Chinese vocabulary acquisition tips: part II, the difficulty curve

One of the things that I found most interesting about Chinese vocabulary acquisition is that the difficulty fluctuates over time as your vocabulary increases. Curiously, it doesn’t seem to get easier or harder in a linear fashion. Instead, it’s more like a bell curve with part of the left-hand side removed (see diagram below). In my experience, vocabulary acquisition starts off at a medium-high difficulty, increases to a high difficulty and then reduces to a low difficulty. I will describe those three phases in more detail below.

Diagram: Chinese Vocabulary Acquisition Curve

Low-Tier Vocabulary (1 – 300 words): Medium-High Difficulty.

The first 300 words that you learn should probably be the Hanyu Shuiping Kaoshi (HSK) level 1 and level 2 words.  These are practical, every-day words that have a good amount of utility. They are relatively straightforward to understand, and to use. The downside is that these 300 words contain 347 new unique characters, which amounts to 1.16 new characters per word. This is a higher density of new characters than you will experience at any other point in your Chinese learning journey, and this density of new characters is the main reason why these first 300 words are difficult to learn. A character is the basic unit of information in Chinese, so it is often difficult (though not impossible) to guess the meaning of a character from its component parts. As a result, the only way to learn most of these words is via rote memorization. There is no shortcut. The good news is that if you develop a study habit, you can acquire all of these low-tier words in about a month (at a rate of 10 words per day).

Mid-Tier Vocabulary (301 – 2,500 words): High Difficulty.

For me, these words included the HSK3-HSK5 vocabulary lists. They are similar to the first 300 low-tier words with a couple of key differences:

  1. These words are substantially lower in new character density than the words at the previous level, at 0.61 new characters per word. That means you will see characters you already know from the previous levels in these words that do not need to be re-learned. In other words, in the average new word you see at this level, you will probably only need to learn about half of the characters (vs 100% in the previous level).
  2. The number of unique characters you learn will increase by a lot in absolute terms. Consequently, the more characters you know, the more they start to look like each other and the more difficult they are to tell apart. This was the main source of difficulty for me in learning Chinese vocabulary at all levels, but especially at this stage. The subtle differences in characters can be really difficult to notice, especially without adequate context.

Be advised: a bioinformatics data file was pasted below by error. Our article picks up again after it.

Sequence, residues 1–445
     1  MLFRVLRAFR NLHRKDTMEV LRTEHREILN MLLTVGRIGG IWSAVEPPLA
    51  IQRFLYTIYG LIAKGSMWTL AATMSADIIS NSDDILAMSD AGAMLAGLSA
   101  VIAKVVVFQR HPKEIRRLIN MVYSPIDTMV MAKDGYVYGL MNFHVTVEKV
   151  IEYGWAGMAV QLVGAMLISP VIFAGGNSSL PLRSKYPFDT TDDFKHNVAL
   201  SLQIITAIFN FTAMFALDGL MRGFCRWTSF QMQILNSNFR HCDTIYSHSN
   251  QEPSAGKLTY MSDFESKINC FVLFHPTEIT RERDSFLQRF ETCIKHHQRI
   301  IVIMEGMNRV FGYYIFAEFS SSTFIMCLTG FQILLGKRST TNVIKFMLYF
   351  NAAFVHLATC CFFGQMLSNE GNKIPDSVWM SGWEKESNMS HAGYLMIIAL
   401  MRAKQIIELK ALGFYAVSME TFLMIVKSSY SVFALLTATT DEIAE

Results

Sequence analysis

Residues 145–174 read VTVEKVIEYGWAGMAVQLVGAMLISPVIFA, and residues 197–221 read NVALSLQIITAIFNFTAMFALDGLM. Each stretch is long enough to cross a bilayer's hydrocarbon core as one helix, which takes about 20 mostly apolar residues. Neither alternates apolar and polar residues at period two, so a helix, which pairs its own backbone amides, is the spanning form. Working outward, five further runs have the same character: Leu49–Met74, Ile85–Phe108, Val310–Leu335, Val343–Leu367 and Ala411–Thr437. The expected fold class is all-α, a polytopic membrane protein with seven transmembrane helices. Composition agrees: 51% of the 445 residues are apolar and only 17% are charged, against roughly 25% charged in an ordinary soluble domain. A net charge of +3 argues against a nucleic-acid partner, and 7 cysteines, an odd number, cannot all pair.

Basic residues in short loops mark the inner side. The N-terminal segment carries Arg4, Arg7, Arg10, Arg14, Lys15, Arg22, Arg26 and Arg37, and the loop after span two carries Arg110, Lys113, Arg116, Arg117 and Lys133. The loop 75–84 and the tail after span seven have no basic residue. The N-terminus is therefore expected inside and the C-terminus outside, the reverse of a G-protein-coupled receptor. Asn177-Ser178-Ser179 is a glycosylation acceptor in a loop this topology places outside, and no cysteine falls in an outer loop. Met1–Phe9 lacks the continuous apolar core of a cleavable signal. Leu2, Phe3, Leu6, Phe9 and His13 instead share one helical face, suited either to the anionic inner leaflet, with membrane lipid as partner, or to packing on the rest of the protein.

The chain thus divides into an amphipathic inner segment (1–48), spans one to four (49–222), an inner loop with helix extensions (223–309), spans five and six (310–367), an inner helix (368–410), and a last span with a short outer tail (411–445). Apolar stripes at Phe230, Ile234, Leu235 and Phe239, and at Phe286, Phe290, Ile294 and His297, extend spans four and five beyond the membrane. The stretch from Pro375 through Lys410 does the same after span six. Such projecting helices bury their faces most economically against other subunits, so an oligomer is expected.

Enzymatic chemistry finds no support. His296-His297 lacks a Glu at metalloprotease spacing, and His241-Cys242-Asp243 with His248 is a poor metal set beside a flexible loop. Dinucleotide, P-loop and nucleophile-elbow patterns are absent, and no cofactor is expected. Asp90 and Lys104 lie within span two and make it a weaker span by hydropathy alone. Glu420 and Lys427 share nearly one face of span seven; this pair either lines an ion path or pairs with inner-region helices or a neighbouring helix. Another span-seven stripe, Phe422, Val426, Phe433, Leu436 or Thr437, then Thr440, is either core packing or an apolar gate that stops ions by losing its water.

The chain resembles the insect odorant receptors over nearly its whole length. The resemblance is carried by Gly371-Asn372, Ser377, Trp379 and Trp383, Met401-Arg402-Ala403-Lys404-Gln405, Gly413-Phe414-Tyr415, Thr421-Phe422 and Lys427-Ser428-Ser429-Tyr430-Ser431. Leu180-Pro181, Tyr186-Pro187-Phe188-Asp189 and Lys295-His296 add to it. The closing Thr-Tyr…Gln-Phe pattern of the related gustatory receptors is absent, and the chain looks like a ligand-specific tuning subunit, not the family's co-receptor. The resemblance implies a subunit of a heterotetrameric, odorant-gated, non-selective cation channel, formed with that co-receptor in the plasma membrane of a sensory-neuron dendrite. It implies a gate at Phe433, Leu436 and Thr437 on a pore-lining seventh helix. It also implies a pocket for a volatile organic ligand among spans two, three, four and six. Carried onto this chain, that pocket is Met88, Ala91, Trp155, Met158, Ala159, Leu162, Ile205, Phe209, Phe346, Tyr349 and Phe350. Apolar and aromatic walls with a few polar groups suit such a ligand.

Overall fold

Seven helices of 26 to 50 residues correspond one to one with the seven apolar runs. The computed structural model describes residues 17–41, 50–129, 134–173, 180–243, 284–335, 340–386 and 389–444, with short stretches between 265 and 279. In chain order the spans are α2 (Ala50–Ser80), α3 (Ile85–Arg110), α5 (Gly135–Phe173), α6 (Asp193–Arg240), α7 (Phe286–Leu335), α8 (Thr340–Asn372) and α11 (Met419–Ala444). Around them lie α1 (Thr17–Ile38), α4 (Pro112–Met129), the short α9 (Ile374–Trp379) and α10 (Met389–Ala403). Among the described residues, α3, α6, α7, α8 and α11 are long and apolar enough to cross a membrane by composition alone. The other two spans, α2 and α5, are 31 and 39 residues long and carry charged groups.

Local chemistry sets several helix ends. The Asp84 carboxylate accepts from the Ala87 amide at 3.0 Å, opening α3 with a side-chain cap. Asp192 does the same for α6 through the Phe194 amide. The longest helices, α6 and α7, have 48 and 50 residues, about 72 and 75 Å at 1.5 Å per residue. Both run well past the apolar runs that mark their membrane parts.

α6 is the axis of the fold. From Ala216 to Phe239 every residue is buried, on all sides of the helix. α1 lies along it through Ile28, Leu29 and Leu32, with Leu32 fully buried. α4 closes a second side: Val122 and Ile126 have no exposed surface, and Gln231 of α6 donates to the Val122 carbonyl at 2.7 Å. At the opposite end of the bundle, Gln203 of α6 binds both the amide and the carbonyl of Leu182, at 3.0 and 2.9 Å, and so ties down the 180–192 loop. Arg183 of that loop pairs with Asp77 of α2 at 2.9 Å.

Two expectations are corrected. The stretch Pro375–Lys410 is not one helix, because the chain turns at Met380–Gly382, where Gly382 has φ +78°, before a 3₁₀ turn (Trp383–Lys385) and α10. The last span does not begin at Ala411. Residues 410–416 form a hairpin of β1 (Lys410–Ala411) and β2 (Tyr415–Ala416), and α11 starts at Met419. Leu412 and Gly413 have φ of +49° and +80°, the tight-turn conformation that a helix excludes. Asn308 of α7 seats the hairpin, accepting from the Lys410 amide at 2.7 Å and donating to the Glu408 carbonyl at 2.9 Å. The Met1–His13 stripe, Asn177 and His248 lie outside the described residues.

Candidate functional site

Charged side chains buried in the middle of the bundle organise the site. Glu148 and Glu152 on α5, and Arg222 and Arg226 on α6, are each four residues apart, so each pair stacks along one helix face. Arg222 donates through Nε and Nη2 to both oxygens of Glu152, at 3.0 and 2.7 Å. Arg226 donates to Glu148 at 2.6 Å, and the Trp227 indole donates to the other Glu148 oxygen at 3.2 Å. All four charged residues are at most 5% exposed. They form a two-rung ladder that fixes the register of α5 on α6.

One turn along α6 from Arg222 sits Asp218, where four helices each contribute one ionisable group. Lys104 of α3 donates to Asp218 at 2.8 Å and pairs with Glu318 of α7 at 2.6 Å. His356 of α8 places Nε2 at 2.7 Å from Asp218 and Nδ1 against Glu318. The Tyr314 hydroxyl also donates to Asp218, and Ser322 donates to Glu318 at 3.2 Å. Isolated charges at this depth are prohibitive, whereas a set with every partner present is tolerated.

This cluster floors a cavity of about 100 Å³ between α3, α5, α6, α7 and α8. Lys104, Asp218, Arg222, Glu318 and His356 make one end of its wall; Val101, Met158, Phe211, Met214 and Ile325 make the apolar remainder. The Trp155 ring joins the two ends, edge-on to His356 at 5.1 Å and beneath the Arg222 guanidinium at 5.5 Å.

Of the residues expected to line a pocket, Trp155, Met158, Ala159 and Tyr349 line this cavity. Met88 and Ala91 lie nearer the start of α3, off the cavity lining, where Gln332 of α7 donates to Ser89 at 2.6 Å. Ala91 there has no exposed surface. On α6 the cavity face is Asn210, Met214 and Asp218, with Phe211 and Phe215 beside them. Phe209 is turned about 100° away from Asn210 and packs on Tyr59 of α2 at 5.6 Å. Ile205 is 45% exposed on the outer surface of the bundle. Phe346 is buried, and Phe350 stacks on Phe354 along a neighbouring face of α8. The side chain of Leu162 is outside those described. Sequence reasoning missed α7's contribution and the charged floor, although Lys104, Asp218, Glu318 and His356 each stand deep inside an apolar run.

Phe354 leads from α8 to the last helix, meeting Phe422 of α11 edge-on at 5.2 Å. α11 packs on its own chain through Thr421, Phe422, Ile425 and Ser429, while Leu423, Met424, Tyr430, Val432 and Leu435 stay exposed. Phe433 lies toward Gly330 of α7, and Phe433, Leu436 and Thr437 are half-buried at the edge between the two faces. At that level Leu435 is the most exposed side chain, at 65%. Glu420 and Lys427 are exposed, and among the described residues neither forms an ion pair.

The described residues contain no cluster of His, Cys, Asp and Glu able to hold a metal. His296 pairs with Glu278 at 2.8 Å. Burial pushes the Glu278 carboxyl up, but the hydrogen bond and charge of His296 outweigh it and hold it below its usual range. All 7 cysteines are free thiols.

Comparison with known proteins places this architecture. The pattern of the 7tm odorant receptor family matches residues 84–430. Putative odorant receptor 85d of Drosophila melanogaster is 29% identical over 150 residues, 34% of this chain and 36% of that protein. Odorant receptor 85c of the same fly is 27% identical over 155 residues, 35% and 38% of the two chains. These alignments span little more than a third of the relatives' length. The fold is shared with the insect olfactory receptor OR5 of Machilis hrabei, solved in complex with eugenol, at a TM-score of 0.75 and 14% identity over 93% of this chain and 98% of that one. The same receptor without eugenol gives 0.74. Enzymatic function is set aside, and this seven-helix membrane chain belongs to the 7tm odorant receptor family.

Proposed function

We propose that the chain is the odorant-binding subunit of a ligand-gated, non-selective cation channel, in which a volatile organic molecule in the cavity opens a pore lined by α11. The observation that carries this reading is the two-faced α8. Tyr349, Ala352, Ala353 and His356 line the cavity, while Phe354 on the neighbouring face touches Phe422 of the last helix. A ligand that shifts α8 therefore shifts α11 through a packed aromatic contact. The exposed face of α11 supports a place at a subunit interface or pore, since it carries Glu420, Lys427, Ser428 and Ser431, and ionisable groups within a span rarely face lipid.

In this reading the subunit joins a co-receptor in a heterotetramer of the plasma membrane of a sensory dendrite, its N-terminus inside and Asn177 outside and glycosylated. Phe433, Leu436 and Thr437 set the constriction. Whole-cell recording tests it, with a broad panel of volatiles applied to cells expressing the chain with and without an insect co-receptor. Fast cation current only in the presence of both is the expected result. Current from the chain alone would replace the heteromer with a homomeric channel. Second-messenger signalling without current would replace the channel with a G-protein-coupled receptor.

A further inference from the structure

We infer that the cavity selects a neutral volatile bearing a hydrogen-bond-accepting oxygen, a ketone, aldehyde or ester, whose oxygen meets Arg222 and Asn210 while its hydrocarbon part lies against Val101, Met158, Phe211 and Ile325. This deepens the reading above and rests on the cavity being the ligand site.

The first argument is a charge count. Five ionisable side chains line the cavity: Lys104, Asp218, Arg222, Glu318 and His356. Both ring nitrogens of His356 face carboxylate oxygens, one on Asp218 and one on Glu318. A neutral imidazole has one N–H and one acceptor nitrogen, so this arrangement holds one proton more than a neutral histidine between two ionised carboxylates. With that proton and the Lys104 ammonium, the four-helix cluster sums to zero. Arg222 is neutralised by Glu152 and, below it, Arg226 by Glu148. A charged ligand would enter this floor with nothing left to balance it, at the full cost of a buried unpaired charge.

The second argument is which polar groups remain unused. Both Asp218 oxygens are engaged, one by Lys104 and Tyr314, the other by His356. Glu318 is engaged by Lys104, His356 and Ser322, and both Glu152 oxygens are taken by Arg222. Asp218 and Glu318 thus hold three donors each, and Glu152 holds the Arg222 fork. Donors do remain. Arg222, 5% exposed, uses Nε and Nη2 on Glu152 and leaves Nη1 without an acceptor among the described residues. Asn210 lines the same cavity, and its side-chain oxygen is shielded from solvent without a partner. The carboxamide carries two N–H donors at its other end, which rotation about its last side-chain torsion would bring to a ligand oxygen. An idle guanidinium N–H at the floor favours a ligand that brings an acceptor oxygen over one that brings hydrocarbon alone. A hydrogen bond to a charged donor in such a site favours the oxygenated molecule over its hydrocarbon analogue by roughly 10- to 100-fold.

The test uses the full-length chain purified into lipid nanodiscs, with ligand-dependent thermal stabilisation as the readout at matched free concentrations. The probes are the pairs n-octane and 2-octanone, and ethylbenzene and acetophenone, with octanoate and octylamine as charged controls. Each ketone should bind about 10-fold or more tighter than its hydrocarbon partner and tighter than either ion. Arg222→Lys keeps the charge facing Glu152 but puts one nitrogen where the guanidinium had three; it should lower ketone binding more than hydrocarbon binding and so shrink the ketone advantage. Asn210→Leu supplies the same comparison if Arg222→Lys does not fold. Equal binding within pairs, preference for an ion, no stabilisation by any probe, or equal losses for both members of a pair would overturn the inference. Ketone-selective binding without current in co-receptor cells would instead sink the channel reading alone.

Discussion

3. These words tend describe less tangible things than the previous 300, so it can be difficult to initially grasp their meaning (ex: 甚至 which means “to some extent” vs 狗 for dog).

High-Tier Vocabulary (2,501+ words): Low Difficulty.

You have finally hit the dip in the roller-coaster! It’s hard to define exactly how this part of your journey will go, because this is when I dropped the HSK lists and starting learning words from books, but at this point new character density drops like a rock. At around a 5,000 word vocabulary, I would estimate that you only see a new character in one out of every five words or so. This means that learning new words involves guessing what a combinations of characters you already know means. For example, kangaroo = 袋鼠 or “pocket mouse”. If you already know 袋 and 鼠 it’s much easier to remember that pocket + mouse = kangaroo than having to memorize two completely new characters and then remember that the combination of them means kangaroo. At this point, learning vocabulary became extremely fun for me!

In conclusion, if you’re struggling with learning vocabulary in the low and mid tiers, just know that it becomes much, much easier as you go on, even fun! Just stick with it and I’m sure you’ll be glad you did.

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